China may still house up to 20% of the world’s Bitcoin hashrate despite the country’s blanket crypto ban earlier this year, reports CNBC.
The outlet recently detailed data from Chinese cybersecurity firm Qihoo 360, published in November, which points to an average of 109,000 active crypto mining IP addresses in China every day.
Qihoo 360 says the majority of these addresses are centered in Guangdong, Shandong, Zhejiang, and Jiangsu.
If true, the data would undermine earlier estimates from Cambridge University’s Bitcoin Electricity Consumption Index (BECI), which indicated Bitcoin hashrate in China effectively went to zero between May and July.
At the time, Cambridge researchers found that when China’s Bitcoin hashrate dropped, other countries saw a sharp increase — likely due to China-based miners adopting VPNs or proxy servers to avoid detection.
- Small and medium mining operations are reportedly using covert tactics to avoid unwanted government attention.
- One miner told CNBC he’s become adept at “getting around things.”
- By spreading operations across multiple sites, they minimize the chances of any drawing too much attention.
The miner said he runs 1,000 mining rigs powered via China’s electricity grid and another 5,000 with hydropower.
They often go “behind the meter” to access power from smaller sources rather than the main grid. “We never know to what extent our government will try to crack down to wipe us out,” they said.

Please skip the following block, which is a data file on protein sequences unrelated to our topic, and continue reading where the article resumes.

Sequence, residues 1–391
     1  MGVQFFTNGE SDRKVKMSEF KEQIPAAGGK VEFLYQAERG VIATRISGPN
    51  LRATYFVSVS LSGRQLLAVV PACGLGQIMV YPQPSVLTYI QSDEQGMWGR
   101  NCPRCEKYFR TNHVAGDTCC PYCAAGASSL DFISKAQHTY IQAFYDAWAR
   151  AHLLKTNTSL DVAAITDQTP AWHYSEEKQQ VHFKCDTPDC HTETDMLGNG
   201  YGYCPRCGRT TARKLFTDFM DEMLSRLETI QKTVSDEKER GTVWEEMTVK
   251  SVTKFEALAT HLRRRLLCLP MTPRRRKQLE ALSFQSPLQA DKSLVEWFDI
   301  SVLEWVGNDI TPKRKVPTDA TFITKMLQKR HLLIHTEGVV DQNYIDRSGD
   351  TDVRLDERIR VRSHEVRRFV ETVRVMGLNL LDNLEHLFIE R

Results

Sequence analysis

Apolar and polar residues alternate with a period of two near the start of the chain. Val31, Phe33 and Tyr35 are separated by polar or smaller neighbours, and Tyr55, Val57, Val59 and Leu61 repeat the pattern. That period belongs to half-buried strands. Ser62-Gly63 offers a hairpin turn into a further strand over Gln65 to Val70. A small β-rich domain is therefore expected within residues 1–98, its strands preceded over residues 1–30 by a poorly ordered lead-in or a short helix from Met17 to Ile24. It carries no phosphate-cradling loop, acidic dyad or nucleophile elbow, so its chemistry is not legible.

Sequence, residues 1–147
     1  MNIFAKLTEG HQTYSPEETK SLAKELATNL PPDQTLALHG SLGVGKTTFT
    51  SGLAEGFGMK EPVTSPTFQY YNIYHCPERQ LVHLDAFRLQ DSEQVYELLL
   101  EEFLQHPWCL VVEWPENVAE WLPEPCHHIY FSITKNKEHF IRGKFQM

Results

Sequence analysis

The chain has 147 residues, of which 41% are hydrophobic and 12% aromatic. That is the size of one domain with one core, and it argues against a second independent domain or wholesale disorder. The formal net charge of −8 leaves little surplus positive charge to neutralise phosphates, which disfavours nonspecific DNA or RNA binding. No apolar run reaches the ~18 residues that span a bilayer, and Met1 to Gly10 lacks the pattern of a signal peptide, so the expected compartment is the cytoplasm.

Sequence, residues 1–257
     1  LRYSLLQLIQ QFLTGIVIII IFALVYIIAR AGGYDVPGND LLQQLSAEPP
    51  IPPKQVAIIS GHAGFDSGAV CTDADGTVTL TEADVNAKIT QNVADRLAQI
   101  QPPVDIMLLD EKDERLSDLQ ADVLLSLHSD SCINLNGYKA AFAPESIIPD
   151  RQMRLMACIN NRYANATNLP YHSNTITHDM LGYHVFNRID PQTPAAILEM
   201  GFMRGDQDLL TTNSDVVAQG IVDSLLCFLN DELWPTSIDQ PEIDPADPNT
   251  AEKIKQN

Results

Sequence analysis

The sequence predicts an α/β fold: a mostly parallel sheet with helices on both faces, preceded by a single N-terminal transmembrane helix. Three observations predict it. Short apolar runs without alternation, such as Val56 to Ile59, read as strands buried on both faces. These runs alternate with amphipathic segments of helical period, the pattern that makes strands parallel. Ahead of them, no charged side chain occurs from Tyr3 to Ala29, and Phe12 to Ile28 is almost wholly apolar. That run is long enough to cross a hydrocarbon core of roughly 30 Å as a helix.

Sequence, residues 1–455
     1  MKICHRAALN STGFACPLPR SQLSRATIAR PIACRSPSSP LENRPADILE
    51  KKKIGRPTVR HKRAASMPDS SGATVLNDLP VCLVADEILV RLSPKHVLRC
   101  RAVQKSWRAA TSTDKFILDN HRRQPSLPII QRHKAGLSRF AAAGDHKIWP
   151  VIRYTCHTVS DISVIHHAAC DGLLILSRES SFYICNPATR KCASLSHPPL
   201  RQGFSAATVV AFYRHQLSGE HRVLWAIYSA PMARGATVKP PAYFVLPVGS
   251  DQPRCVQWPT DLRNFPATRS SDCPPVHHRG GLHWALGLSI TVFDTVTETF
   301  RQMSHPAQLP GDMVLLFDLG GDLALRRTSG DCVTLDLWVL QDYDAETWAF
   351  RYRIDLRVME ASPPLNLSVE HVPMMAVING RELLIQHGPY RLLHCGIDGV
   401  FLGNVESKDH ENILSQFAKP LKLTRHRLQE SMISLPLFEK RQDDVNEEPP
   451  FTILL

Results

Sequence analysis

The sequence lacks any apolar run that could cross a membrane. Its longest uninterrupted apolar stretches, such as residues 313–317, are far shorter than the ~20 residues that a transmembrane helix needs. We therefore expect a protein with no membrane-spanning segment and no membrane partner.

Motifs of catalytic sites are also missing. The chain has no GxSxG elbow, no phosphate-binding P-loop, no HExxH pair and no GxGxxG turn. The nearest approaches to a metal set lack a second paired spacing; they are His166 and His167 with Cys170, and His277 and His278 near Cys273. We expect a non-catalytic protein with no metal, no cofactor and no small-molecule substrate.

Previously, Bitcoin miners in China simply went offline and waited for things to cool down, noted CNBC. They eventually started up again with a few extra precautions in place.
This time, massive energy shortages, the looming digital yuan, and aggressive climate targets mean Beijing likely wants its latest ban to stick.
State media tries to spook Bitcoin miners in China
For those caught flouting Beijing’s new rules, the punishment can be stiff.
Back in May, Inner Mongolia proposed tough new measures. Any companies found guilty of engaging in or facilitating crypto mining would be stripped of business licenses.
And earlier this month, Chinese state media reported on an individual who stole more than $12,000 worth of electricity from the city’s grid to mine crypto.
The person in question was reportedly fined an undisclosed amount and sent to prison for an undisclosed period.
State-run newspaper National Business Daily wrote (our emphasis) that the would-be miner “had bypassed the power grid, but could not escape the law.”
“Once you have made a mistake, it will be too late to regret it.”
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